Posts Tagged ‘wages’

CEO-worker-2013

According to the AFL-CIO’s latest “Executive Paywatch” report, the CEO-to-average-worker-pay ratio rose last year to 331:1. And the ratio of CEO pay to the minimum wage was much higher: 774:1.

That’s because, in both cases, workers’ wages remained more or less constant while the amount of surplus those workers created that ended up in the pockets of the CEOs of the nation’s largest corporations continued to rise.

As the AFL-CIO argues in their report:

America is supposed to be the land of opportunity, a country where hard work and playing by the rules would provide working families a middle-class standard of living. But in recent decades, corporate CEOs have been taking a greater share of the economic pie while wages have stagnated and unemployment remains high.

High-paid CEOs of low-wage employers are fueling this growing economic inequality. In 2013, CEOs of the Standard & Poor’s (S&P) 500 Index companies received, on average, $11.7 million in total compensation, according to the AFL-CIO’s analysis of available data from 350 companies.

Today’s ratio of CEO-to-worker pay is simply unconscionable.

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quits

In a recent speech, Fed Chair Janet Yellen admitted that “the recovery still feels like a recession to many Americans, and it also looks that way in some economic statistics.”

Some of those statistics are contained in the just-released Job Openings and Labor Turnover Survey (JOLTS). While there may have been 4.2 million new job postings in February, 300,000 more than in January, many of these are low-wage jobs (temp jobs in business services, food-service jobs, jobs in retail trade, and so on), many of them at or just above the minimum wage. And, even though they’re less-then-desirable jobs at less-than-desirable wages, there were still 2.5 unemployed workers for every job posting. So, given that reserve army of labor, employers have absolutely no reason to offer higher wages. Which is why the so-called quits rate—the number of job quits divided by total employment, a measure of the willingness of workers to leave their current jobs in search of new, better, higher-paying jobs—remained at 1.7, virtually unchanged over the last 4 years.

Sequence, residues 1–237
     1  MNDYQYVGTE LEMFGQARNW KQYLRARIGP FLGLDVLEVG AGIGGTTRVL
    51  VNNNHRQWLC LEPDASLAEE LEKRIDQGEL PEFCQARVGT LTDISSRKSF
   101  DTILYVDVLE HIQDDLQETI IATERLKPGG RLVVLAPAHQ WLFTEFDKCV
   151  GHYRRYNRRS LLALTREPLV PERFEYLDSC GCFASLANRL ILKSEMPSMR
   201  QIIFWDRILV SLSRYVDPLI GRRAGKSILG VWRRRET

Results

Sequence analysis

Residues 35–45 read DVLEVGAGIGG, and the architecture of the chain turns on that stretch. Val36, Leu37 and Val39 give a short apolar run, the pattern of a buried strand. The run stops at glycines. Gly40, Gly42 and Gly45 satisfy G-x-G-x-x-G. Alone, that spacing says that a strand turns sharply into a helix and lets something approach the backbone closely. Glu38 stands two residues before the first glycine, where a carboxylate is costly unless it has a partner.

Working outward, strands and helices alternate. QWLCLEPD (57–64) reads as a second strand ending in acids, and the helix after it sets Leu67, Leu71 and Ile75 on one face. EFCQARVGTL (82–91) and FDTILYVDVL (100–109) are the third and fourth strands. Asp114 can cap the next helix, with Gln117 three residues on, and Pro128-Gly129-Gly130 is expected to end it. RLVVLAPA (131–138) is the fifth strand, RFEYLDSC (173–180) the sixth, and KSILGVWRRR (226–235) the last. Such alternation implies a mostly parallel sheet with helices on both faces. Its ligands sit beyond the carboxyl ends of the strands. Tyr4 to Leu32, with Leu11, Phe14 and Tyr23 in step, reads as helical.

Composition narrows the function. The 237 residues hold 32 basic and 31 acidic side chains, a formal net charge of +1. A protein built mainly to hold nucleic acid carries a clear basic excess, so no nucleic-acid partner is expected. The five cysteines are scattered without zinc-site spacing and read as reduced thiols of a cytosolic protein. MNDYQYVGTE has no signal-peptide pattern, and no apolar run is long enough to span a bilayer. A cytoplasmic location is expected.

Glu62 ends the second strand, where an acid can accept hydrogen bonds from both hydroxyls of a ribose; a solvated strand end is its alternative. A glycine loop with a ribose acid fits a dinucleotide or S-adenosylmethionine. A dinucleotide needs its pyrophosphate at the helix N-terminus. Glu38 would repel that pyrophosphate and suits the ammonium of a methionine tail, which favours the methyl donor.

The economic statistics are thus clear: American workers have been jolted and they’re still waiting for their recovery.

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Answer (according to Kathleen Madigan):

College football’s “Norma Rae” moment joins other recent pay-related episodes. First was the proposal to raise the federal minimum wage. Next came the White House’s directive to expand the number of workers eligible for overtime pay. Employees who currently work extra hours for free will soon get paid for their time.

Add in interns and citizen journalists that perform duties for free and a trend is evident: The U.S. economy may be the richest in the world, but sections of it depend on cheap or free labor.

Chart of the day

Posted: 28 March 2014 in Uncategorized
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As Ed Dolan explains,

The chart [above] assigns a value of 100 to each component’s share in 2007, the year before the recession began. This chart shows that corporate profits were hit hard in the first months of the recession, but began to recover already by the end of 2008, when GDP was still falling. By the time the economy had officially entered the recovery phase in mid-2009, corporate profits were surging to new highs.

Compensation of employees and proprietors’ income behaved differently. During the downslope of the recession, the shares of those two components held fairly steady, that is, they decreased but only at about the same rate as GDI [Gross Domestic Income] as a whole. After mid-2009, when the economy began to recover, the two diverged. Proprietors’ income grew faster than GDI as a whole, so that its share increased. Compensation of employees grew less rapidly than GDI, so its share began to fall, and is still falling.